Such fraternal relations anticipate the only political basis upon which relations between the working classes can and must be established. The future socialist federation of the region, based on a completely voluntary union in which the right of peoples to withdraw (or secede) is scrupulously protected and upheld must be reflected in the building of relations between the working classes in the course of the struggle against capitalism.

At the same time it is essential that activists in each country recognise that the class struggle at home is but one front in the battlefield of a worldwide class-war against a capitalist system that is itself organised internationally. In other words, a regional, continental and world perspective is essential to waging an effective struggle in each country. It is ruled-out that such perspectives can be developed in national isolation. They can only be developed in debates and discussions between the working classes of the world. Open, honest and frank discussion and debate amongst activists, including when necessary fraternal criticism, is an indispensable tool for clarifying the way forward.

We publish below an edited version of a letter written by the MWP following discussions with emaSwati socialist activists we were honoured to recently host in person. The letter arose from an agreement on the need to summarise in writing the issues discussed in the meeting. In making the letter more widely available we offer it as a contribution to the discussions on strategy, tactics and programme that are currently gripping emaSwati activists about the way forward for the struggle. We hope this can stimulate wider discussion and debate, both in eSwatini and South Africa, but also across the region, about what will be required to build a united Southern Africa revolutionary socialist movement.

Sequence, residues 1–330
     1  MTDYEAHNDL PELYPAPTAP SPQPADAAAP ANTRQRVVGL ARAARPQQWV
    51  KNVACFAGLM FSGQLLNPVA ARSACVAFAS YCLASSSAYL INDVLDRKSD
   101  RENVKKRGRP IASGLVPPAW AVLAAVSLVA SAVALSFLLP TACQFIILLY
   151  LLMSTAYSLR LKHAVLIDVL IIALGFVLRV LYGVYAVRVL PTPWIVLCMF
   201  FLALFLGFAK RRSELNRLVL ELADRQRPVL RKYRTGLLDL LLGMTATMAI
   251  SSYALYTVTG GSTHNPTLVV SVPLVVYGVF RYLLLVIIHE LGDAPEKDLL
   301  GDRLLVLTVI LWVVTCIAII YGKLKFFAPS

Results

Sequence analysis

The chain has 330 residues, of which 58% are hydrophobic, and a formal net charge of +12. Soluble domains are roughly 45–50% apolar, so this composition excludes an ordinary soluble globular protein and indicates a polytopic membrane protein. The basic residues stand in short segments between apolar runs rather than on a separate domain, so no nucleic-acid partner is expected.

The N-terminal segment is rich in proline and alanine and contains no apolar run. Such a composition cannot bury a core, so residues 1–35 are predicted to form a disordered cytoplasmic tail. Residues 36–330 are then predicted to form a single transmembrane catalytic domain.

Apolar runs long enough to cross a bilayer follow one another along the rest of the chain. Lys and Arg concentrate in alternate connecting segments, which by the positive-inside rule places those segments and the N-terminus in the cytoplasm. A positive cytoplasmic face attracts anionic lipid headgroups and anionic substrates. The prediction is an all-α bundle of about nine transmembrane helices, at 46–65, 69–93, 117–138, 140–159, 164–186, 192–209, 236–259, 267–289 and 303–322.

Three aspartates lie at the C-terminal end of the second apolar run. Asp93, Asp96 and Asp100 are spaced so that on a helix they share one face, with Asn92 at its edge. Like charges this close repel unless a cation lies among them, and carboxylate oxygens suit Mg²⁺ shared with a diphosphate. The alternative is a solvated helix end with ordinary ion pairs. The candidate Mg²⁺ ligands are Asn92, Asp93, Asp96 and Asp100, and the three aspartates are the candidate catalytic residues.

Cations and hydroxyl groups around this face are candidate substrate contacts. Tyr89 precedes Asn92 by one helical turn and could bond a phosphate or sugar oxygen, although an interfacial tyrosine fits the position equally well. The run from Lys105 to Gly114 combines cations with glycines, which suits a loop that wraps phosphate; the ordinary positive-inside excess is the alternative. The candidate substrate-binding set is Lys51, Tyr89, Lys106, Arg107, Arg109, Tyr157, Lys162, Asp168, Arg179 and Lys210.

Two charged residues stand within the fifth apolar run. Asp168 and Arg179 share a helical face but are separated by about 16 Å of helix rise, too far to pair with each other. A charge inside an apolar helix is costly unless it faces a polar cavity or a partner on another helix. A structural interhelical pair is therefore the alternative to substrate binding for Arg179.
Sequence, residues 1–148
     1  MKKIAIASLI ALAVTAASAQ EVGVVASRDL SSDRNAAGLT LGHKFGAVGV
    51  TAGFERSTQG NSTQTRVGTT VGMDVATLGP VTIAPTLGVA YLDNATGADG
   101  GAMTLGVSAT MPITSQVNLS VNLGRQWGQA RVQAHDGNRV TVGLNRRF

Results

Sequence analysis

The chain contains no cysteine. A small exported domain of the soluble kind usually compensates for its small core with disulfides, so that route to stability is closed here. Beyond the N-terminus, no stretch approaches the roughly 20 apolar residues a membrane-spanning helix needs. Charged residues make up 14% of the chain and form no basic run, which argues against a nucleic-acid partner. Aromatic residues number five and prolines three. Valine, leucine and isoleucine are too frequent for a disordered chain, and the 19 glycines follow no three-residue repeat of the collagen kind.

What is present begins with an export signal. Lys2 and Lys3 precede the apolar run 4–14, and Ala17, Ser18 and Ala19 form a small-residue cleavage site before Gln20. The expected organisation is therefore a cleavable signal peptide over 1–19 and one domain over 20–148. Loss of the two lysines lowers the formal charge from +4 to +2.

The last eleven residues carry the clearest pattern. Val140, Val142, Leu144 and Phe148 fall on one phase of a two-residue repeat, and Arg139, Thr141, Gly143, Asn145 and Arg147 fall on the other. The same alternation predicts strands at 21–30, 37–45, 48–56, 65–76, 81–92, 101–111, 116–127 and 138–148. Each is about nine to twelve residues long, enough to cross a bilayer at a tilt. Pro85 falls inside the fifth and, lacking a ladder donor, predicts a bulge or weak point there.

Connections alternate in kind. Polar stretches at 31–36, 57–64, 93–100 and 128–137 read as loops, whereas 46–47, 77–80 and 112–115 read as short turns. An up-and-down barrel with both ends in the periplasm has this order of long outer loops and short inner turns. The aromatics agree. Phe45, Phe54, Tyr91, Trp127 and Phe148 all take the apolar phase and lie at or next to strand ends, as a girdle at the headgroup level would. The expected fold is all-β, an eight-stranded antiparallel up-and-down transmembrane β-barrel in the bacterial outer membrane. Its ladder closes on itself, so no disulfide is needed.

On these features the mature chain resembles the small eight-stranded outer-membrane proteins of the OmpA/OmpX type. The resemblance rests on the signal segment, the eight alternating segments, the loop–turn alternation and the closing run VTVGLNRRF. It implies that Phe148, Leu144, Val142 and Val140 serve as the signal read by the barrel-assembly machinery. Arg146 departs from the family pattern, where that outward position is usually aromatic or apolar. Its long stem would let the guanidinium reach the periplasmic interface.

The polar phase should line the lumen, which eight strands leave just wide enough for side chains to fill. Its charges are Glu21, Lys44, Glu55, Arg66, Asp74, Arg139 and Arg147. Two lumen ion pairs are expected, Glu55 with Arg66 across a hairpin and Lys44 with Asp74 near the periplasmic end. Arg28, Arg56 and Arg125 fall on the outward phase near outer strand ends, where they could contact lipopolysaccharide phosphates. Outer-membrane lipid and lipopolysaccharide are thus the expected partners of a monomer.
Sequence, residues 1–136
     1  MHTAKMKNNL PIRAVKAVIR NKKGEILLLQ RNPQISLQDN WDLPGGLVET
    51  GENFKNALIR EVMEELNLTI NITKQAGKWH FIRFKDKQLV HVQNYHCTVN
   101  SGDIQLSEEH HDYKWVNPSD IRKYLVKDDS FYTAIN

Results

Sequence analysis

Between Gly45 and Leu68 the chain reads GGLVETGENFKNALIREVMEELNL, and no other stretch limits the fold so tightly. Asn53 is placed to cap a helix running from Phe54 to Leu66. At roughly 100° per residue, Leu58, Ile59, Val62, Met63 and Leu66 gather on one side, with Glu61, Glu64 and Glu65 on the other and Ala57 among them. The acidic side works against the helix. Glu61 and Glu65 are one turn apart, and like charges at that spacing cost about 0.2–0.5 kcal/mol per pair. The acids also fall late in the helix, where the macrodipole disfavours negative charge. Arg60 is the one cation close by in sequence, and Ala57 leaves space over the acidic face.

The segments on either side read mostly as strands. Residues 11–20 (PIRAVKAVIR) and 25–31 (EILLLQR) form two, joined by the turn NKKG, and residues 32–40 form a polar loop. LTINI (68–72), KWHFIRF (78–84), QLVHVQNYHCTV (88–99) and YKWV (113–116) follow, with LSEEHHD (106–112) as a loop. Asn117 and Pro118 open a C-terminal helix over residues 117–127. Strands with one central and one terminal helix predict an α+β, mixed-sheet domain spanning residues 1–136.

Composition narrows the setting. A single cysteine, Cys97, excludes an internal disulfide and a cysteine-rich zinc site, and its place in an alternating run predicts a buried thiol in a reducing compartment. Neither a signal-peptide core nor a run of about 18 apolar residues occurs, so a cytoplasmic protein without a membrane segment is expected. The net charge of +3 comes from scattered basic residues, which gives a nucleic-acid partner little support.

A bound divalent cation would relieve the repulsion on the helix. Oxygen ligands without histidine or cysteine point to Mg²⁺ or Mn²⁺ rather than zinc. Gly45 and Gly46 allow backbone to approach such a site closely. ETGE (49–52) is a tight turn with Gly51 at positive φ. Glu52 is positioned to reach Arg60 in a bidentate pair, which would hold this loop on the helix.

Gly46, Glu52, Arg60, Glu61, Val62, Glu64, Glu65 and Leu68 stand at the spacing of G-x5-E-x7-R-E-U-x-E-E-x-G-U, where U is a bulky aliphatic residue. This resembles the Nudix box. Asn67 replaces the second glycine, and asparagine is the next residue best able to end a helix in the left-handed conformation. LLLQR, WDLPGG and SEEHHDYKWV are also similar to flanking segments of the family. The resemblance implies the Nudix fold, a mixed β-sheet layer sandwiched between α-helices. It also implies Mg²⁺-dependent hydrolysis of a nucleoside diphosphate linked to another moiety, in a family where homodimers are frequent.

Dear comrades,

The Marxist Workers Party was honoured to host a visit by a delegation of socialist activists from eSwatini to discuss the movement struggling to remove the corrupt and dictatorial Mswati-regime. The uprising has attracted enormous support across Southern Africa, the continent and the world. The emaSwati masses have taken their place proudly alongside the masses of Sudan, Lebanon, Ecuador, Chile and Myanmar who have waged struggles over recent months to put an end to the miseries of dictatorship, poverty, mass unemployment, inequality and war.

Never having recovered from the 2008 world economic crisis the Covid-19 pandemic has enormously accelerated capitalism’s global crisis. The system is in its deepest crisis since the 1930s Great Depression. Sharpened imperialist tensions and rival ambitions have now exploded in war in Ukraine. NATO, led by the war-mongering United States, its hands dripping with the blood of the people of Iraq, Libya, Syria and Afghanistan, has collided with the corrupt Russian oligarchy led by Putin. The choice facing humanity has again been underlined: socialism or barbarism.

We warmly applaud the comrades’ recognition of the fact that the struggle for socialism is international, that the struggle of the working class and the rural masses worldwide is intertwined and can only be fought to a conclusion on the basis of international solidarity and organisation. We extend our greetings and solidarity to the activists in the movements of youth, workers, women and rural people to whom the comrades are reporting back.